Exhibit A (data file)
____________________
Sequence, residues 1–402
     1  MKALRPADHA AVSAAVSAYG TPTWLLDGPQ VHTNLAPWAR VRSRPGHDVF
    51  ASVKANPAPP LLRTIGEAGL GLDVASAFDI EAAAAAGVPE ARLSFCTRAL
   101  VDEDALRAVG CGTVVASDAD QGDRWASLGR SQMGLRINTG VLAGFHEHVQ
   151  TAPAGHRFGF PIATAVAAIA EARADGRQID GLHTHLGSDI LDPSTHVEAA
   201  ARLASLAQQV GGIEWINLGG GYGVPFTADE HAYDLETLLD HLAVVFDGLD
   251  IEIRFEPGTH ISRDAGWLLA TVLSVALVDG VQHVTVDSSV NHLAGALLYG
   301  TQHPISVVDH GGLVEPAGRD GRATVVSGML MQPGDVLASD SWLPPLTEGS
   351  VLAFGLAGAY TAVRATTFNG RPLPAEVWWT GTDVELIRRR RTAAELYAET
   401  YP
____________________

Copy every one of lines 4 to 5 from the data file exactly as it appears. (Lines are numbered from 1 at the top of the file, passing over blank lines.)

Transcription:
   101  VDEDALRAVG CGTVVASDAD QGDRWASLGR SQMGLRINTG VLAGFHEHVQ
   151  TAPAGHRFGF PIATAVAAIA EARADGRQID GLHTHLGSDI LDPSTHVEAA